I’ve done outside sales, and it sucked. Rather, to be fair, I should say that it wasn’t for me. I’ve done inside sales, too, and overcoming the random anonymity of being just some guy on the other end of the phone or an email coming out of left field trying to sell you something I already knew you didn’t want wasn’t that fun either. With the one exception of selling advertising into Alternative Press for a couple years, because I truly lived the brand, hawking goods and services with an awkward cold-call mentality just because you “do sales” was never what I wanted to die doing in a hollow attempt to try to “make a living.”
Then, I found myself spending last Thursday and Friday “working” out of my car. Before I started at BDC in January, Cam and team had already initiated conversations to pursue Certified Partners. Part of my transition into this role has been to pick up those talks where they left off. On Thursday, I visited Lansing Brewing Company, and then Ellison Brewery & Spirits, in my old Michigan State University stomping grounds of East Lansing. I won’t sidetrack this blog post with a detour into that era of my life, but driving through campus brought back a lot of memories, some of which I know I don’t remember. Much of my early alcohol-influenced regret still lives in that town.
On Friday, I spent a few hours really getting to know the owners and staff at Chelsea Alehouse Brewery, in Chelsea, MI. They’re one of our most recent Certified Partners, and they really care about being BDC Certified. A lot. They shared with me the nuances of what makes their organization unique, which will help me continue to refine and improve what we bring to the table for organizations that truly care about their people and community, and taking care of both by advocating a better way to drink.
After our formal conversation wrapped, I was sitting at the bar to have lunch and a flight of beer when I got a text from Cam. It’s been over a week since we’ve seen each other due to some criss-crossing personal commitments. He definitely knows what I’ve been up to, but he’s had to watch some of it through social media like the rest of the world. He texted, “No reply needed. Just wanted to say that I’ve been loving watching you in your element via social and writing. God’s using you in an incredible way, and I’m just blessed to journey it with you, my brother. [smiley face emoji]”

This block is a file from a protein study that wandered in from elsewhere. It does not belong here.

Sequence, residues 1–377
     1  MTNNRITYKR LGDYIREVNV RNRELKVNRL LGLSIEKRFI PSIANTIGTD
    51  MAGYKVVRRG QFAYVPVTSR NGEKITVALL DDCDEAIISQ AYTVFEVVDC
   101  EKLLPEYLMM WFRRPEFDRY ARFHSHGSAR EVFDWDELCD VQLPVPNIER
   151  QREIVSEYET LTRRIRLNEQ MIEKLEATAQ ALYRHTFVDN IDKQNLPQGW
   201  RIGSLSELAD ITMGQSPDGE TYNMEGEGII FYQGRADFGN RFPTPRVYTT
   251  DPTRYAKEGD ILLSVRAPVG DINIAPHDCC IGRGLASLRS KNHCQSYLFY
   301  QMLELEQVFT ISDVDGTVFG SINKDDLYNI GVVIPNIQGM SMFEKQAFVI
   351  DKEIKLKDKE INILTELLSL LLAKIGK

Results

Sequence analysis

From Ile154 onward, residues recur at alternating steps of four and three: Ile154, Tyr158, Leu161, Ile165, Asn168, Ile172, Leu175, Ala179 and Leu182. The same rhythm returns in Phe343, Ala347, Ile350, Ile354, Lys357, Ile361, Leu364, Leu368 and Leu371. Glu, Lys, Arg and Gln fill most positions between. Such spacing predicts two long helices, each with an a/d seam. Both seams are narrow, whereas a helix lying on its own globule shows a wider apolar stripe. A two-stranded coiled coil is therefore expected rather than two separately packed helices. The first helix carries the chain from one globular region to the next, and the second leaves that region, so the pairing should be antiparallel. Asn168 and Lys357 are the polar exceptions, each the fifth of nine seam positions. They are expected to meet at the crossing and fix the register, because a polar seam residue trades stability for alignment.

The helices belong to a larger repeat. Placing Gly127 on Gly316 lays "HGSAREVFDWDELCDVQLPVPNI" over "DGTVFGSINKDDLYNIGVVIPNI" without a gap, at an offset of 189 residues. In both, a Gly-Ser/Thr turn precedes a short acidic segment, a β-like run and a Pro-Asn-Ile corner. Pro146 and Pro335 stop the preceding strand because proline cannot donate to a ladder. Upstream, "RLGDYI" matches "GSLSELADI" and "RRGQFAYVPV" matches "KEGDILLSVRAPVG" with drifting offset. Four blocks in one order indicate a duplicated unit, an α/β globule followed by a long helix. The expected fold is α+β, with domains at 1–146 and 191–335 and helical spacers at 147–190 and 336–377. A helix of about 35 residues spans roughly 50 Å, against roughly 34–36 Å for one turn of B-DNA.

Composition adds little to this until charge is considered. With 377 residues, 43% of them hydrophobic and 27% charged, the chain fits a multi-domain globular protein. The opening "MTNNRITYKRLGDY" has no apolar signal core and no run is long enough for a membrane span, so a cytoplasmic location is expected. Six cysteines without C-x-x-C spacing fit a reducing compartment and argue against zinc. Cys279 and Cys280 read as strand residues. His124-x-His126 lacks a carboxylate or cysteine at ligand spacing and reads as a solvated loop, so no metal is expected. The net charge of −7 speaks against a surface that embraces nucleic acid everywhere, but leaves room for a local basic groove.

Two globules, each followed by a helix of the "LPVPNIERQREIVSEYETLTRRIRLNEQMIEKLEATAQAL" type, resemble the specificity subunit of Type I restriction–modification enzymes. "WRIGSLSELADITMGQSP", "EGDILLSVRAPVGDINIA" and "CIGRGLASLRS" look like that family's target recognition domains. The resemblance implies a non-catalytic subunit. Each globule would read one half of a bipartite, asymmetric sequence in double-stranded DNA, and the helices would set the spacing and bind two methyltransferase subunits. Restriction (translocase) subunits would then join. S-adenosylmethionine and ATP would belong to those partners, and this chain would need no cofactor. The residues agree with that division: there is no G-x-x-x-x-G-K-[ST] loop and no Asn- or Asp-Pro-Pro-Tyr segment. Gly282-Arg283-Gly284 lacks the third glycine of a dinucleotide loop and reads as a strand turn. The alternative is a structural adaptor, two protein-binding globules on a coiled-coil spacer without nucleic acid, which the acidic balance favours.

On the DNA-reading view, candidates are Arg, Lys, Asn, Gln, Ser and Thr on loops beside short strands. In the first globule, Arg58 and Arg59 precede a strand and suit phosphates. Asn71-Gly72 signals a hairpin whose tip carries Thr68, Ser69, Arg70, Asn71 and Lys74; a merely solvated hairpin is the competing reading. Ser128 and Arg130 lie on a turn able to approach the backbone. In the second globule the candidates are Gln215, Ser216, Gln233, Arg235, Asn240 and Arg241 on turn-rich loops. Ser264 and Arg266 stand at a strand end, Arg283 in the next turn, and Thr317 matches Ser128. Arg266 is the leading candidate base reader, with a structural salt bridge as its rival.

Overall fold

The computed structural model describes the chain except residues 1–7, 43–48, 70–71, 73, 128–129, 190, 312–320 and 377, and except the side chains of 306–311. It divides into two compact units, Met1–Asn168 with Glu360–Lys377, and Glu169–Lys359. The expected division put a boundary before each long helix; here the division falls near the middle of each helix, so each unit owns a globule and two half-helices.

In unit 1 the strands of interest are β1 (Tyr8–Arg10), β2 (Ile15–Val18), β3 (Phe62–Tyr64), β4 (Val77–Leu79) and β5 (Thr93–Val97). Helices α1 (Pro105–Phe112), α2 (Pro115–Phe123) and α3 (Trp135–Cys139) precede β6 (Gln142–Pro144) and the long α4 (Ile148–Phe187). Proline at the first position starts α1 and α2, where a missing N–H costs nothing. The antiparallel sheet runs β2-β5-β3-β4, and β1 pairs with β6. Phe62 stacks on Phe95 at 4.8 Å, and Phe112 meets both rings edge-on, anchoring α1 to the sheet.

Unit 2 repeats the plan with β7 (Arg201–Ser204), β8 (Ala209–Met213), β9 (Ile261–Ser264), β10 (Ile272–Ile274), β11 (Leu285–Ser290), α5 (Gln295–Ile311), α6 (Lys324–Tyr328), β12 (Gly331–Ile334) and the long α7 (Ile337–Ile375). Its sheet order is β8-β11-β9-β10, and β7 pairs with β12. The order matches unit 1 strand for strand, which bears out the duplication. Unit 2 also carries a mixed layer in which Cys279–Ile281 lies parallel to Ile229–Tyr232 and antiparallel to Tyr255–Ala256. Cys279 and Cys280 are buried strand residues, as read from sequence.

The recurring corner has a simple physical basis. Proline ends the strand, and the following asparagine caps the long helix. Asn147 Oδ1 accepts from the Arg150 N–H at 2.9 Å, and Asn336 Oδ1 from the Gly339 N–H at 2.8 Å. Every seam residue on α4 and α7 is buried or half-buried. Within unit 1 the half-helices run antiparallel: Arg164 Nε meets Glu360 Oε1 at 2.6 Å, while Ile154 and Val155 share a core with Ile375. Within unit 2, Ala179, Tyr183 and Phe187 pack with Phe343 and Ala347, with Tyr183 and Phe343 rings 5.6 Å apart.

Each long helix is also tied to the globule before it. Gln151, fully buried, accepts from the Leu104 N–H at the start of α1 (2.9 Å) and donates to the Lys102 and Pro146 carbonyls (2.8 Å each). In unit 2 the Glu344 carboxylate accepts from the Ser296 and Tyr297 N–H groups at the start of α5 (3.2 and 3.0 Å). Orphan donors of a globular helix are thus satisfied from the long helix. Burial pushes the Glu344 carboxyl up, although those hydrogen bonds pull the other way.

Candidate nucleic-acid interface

That really moved me. It reminded me that I’m so fortunate to not have to punch in and out at a job I loathe, and to have a partner in this that recognizes the details and supports the effort.
Although this one aspect of my role at BDC does admittedly involve “selling” our Certification Program to partner breweries, distilleries and bar/restaurant establishments, it’s more than that. I don’t have a sales pitch — there isn’t one. For what BDC does and our Certification Program provides, there doesn’t have to be one. It’s a very natural fit that should click organically. I’m just the guy who connects the dots. And, incredibly, I get to do it over authentic conversation, often with a beer in hand.
I’m a storyteller. At least I’d like to think I am. I love capturing someone’s attention with the sometimes unpredictable galaxy of thoughts, ideas, and convictions that swirl around inside my head. My friends, who’ve sat through my stories, poke fun because they know I can be long winded, but I still always hook ’em, and they always stay tuned in. And, my wife — thank goodness for her patience, especially when I say, “Okay, long story longer…” When I sit across the bar from owners, brewers, and distillers, I’m not selling. I’m sharing my story, and they’re sharing theirs. We connect through shared experiences, and we work together diving deeper into them.
So, long story longer… When you’ve finally found something you love, embrace it, respect it, and do everything you can to elevate it. Not because someone’s paying you to do it, but because you’d want to be doing it anyway. If it’s the right thing to do for who you are and what you believe in, create a legacy doing it. It may take some work, but it’ll never be a job — even if it is “doing sales.”